In many ways, fighting against the use of torture around the world has been Amnesty’s signature issue over the past 50 years. In that time we have tried to shine a light both on the victims of torture and its perpetrators.
However, there is one group that has often been overlooked: Those rare individuals who display the courage to stand up against those who would use torture, regardless the cost to themselves.
Individuals like Military Policeman Joe Darby, who blew the whistle on the abuse of prisoners in Abu Ghraib by referring pictures taken by Charles Graner to the US Army’s Criminal Investigations Division (CID):
“I’ve always had a moral sense of right and wrong. And I knew that you know, friends or not, it had to stop.”
Darby continued to serve alongside Graner and the other members of unit in Iraq while the CID investigation unfolded. Everyone on the base, including Graner and his cohorts, was armed and Darby feared for his life sleeping with a cocked pistol under his pillow.
Darby’s name remained secret until Donald Rumsfeld outed him without warning at a DoD press conference. Darby’s commanders were afraid that he would be targeted by other soldiers and immediately transferred him back to the United States.
Stateside Darby couldn’t go home. All the members of his National Guard unit came from the same small town in Cumberland, Maryland, where public sympathies lay firmly on the side of Graner and his co-defendants. He had to live with bodyguards for more than six months. He ultimately lost both his career in the military and his home.
In an on-camera exchange with CNN’s Anderson Cooper in 2006, Cooper asked Darby if he would do it all again:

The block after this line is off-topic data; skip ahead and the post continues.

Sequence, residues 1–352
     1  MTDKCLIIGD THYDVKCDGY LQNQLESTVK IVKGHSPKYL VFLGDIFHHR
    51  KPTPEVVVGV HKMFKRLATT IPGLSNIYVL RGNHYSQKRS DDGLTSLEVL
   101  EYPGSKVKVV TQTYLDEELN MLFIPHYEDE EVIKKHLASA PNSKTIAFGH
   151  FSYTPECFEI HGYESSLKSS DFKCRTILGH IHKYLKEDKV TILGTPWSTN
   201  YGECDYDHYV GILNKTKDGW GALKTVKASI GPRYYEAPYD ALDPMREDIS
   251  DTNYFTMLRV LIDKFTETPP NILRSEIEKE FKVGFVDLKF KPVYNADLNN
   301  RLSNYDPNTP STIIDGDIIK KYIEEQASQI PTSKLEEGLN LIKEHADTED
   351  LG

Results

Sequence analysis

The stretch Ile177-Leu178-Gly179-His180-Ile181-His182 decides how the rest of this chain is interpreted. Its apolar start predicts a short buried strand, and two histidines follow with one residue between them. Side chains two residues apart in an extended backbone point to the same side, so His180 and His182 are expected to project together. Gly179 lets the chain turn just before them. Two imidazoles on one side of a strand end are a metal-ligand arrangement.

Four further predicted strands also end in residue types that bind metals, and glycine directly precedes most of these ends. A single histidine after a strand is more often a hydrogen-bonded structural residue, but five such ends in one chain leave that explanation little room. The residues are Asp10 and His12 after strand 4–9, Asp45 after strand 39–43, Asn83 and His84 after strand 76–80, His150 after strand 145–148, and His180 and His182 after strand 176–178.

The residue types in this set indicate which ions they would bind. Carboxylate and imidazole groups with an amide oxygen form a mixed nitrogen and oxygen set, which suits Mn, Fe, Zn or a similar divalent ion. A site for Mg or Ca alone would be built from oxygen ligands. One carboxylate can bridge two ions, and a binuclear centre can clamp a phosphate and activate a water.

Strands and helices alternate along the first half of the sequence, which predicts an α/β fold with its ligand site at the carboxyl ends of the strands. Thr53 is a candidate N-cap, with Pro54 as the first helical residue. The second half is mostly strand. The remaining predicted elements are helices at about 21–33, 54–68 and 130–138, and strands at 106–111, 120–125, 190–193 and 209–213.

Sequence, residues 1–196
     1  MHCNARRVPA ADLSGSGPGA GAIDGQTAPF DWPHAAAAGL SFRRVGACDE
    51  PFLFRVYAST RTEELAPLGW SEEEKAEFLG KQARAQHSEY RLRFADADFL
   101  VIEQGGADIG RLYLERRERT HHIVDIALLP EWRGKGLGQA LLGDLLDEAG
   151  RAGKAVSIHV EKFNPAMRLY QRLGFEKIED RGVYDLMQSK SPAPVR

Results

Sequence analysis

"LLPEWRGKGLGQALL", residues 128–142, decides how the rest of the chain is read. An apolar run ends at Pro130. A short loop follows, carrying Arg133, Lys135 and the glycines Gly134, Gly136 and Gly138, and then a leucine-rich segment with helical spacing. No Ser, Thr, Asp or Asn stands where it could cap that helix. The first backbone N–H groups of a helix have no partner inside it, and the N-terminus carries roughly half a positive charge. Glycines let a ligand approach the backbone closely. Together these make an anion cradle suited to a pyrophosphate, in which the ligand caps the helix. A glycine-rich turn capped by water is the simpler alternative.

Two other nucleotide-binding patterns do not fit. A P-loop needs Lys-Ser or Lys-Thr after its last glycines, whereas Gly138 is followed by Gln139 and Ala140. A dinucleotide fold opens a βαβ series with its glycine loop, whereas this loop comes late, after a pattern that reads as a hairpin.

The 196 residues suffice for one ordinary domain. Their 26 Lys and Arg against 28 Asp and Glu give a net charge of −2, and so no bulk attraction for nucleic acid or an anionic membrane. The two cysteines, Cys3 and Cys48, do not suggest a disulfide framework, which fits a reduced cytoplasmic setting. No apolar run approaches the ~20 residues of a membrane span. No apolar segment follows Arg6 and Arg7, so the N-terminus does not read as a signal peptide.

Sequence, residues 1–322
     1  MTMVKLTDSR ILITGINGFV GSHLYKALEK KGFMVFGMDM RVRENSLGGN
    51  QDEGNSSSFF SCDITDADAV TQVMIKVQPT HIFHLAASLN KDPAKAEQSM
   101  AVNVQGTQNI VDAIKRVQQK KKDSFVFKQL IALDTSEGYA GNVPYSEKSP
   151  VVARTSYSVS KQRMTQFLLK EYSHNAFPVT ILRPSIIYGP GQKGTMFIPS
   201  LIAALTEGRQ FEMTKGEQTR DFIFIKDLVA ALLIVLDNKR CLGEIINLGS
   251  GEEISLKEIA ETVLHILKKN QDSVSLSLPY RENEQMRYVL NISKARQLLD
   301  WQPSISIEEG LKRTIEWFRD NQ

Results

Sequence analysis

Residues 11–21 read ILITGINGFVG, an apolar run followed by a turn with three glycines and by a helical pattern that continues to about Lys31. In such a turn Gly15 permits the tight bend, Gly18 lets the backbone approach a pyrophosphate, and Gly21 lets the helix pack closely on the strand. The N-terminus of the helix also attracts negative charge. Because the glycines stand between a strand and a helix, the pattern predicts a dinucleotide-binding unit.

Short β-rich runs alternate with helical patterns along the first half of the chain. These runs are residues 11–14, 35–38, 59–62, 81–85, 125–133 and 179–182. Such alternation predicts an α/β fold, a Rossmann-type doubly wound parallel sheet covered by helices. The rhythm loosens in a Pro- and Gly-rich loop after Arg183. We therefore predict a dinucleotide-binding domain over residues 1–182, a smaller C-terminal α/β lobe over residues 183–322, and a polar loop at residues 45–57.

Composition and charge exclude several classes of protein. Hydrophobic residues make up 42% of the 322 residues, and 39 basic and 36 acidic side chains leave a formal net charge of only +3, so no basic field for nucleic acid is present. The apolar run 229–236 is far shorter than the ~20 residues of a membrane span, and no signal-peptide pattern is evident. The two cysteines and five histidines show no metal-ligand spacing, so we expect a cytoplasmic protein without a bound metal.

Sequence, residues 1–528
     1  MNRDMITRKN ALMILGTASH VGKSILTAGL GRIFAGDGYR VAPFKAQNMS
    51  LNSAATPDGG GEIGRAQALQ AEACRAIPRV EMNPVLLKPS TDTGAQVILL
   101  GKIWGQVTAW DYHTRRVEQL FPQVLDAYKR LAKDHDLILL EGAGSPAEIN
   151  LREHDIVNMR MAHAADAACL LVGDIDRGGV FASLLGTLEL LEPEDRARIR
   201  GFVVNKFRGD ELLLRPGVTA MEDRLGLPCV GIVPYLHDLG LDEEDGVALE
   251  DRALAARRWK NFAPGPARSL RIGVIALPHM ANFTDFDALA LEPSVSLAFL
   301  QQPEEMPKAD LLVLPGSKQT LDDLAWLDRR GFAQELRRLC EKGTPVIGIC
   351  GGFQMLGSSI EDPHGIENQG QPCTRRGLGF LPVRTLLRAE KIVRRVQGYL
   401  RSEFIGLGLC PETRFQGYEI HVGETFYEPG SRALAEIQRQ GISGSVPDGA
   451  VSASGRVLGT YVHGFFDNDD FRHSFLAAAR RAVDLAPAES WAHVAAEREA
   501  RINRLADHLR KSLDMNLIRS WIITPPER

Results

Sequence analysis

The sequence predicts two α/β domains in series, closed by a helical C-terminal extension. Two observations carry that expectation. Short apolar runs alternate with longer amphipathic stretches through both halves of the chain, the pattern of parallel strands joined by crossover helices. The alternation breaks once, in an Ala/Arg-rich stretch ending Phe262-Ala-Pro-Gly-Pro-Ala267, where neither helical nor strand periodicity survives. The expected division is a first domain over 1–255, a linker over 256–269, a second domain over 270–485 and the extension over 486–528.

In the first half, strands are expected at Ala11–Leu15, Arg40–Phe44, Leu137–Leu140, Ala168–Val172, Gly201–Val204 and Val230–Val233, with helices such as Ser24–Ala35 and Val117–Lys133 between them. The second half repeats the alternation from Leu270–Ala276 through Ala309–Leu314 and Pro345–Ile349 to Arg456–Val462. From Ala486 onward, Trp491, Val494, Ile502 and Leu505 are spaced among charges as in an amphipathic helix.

“Yes. They broke the law and they had to be punished.”
“And it’s that simple?”
“It’s that simple.”
To mark Torture Awareness Month, Amnesty has joined with a coalition of other human rights organizations including the ACLU, Human Rights Watch and the National Religious Campaign Against Torture, to call on President Obama to honor those individuals who have taken a stand against torture in the United States.
Men like Joe Darby, and former General Counsel of the Navy Alberto Mora, risked everything to do the right thing and protect our country from its darkest impulses. Such men are a national treasure and we all owe them a debt of gratitude.
President Obama took an important step on the first day of his Presidency by banning the use of interrogation methods outside those proscribed in the Army Field Manual on Interrogation. But since then he has been awfully quiet on this issue.
By rewarding principled service and praising those who made a stand against evil, President Obama can strike another important blow against torture and make a profound comment about what we as a people chose to hold most dear: moral courage and a life well lived.